After a group of neo-Nazis were controversially granted permission to hold a rally on Saturday to mark the anniversary of the death of Hitler's former deputy Rudolf Hess, they were met by a larger gathering of counterdemonstrators.

easyJet to release 10-hour jet noises album to help people sleep | Metro News

Jet Sounds, a 10-hour album of the continuous drone of an airplane engine, will be available to download tomorrow in either single or album format.

Death rates far higher for 'alternative' cancer cures, study finds | The Japan Times

People who choose alternative cures for common cancers are up to five times more likely to die than those opting for standard treatments, the lead scientist of a new study said on Friday.
The risk of death five years after diagnosis “was highest for breast and colon cancer,” said lead author Skyler Johnson from the Yale School of Medicine in New Haven, Connecticut — 5.6 and 4.6 times greater, respectively.

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News Headlines - 18 August 2017

Stephen Bannon Out at the White House After Turbulent Run - The New York Times

Stephen K. Bannon, the embattled chief strategist who helped President Trump win the 2016 election by embracing their shared nationalist impulses, departed the White House on Friday after a turbulent tenure shaping the fiery populism of the president’s first seven months in office.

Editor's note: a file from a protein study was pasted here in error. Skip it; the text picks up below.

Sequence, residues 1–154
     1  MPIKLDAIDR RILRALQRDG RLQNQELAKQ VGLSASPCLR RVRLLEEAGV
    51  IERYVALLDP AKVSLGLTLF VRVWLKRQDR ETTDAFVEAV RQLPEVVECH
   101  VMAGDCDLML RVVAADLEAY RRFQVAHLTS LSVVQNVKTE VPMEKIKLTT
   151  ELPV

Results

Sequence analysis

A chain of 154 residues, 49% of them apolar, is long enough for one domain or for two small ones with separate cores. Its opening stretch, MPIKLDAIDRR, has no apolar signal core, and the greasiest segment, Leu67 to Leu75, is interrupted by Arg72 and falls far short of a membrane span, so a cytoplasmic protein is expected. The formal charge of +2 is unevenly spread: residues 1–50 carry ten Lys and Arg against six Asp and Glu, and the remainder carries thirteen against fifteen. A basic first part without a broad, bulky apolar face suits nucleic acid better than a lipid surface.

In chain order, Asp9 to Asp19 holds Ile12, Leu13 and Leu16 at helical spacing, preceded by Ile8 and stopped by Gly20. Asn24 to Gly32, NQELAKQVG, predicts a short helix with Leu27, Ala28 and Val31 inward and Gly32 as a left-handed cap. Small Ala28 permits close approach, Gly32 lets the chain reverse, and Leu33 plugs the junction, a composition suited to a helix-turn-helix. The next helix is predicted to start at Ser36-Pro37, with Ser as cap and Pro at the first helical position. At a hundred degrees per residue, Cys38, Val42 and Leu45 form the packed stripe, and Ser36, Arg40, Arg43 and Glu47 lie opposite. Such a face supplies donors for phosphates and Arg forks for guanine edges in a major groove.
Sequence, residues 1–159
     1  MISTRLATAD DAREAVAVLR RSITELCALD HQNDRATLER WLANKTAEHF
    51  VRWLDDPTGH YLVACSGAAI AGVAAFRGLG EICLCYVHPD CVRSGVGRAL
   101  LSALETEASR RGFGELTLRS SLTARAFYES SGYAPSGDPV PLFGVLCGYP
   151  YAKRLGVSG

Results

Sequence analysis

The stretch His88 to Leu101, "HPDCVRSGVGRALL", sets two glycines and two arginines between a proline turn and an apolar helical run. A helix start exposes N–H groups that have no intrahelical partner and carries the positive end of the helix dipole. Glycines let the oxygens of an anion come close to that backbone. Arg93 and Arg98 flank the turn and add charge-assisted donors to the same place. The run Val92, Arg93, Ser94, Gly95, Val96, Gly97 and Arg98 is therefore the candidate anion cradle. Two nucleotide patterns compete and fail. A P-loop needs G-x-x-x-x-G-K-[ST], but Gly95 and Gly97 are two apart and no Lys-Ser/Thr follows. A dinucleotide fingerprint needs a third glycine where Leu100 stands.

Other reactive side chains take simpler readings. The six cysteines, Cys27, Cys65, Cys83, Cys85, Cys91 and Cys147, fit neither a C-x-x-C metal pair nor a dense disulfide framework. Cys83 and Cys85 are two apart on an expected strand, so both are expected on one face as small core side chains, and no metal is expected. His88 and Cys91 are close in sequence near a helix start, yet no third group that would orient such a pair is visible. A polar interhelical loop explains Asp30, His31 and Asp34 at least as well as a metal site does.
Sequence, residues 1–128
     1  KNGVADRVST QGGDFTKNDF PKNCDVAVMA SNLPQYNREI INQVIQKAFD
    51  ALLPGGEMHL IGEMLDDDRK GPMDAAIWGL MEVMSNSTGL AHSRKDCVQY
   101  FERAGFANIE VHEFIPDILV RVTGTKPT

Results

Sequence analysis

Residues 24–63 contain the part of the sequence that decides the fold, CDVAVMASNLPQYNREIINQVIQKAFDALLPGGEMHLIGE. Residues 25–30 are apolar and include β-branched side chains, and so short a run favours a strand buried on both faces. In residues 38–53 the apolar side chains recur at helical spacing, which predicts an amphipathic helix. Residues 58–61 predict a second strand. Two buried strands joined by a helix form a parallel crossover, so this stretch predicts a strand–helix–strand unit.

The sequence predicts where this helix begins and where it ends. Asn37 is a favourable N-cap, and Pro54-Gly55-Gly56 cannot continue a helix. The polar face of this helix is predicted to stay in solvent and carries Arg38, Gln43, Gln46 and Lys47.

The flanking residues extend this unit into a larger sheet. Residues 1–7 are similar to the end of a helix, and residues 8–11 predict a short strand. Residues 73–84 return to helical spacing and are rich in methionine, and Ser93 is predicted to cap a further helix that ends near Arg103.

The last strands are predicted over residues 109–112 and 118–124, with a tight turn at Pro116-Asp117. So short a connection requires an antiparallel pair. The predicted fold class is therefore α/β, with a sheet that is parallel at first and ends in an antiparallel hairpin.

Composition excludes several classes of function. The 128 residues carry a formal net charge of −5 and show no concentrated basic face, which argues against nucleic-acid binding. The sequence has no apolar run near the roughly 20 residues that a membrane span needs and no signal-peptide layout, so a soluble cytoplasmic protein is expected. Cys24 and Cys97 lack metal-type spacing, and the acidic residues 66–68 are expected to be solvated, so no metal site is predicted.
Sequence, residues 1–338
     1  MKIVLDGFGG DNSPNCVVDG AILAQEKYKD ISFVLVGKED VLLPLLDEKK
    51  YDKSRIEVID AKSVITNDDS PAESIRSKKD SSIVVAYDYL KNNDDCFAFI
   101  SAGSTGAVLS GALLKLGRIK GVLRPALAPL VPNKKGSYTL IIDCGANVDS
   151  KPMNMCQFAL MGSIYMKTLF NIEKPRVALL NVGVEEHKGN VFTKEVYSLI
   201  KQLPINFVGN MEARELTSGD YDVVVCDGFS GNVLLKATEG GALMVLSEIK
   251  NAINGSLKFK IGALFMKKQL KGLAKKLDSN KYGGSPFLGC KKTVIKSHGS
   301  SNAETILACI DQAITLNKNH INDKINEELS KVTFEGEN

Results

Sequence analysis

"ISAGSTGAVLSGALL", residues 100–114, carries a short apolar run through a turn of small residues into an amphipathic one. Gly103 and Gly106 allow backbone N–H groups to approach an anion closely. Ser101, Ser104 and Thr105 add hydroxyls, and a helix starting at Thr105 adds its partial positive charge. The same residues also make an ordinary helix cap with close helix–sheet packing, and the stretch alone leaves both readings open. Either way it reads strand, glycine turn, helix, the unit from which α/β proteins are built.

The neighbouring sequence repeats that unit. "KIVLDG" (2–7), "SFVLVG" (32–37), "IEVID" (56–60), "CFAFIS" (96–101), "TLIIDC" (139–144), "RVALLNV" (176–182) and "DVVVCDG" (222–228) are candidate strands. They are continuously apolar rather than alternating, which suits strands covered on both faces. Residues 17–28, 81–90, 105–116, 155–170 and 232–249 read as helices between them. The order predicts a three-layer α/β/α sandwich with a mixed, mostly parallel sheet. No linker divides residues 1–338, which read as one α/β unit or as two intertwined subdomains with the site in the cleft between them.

India @ 70: BBC Radio 4 airs ‘dramatisation’ of Salman Rushdie’s Midnight’s Children | Hindustan Times

BBC Radio 4 paid a special tribute to India’s Independence on Monday night by broadcasting a seven-part “dramatisation” of author Salman Rushdie’s 1981 Booker prize winning novel Midnight’s Children. The first episode was aired just before midnight on the eve of the anniversary of India’s 70th Independence Day. The rest of the episodes, of differing lengths, would be aired on BBC Radio 4 through August 15.

Budget cuts fuel frustration among Japan’s academics : Nature

RIKEN’s budget has been cut by more than 20% over the past 10 years. In response, the BSI has reduced its number of principal investigators from 61 to 41 over that period.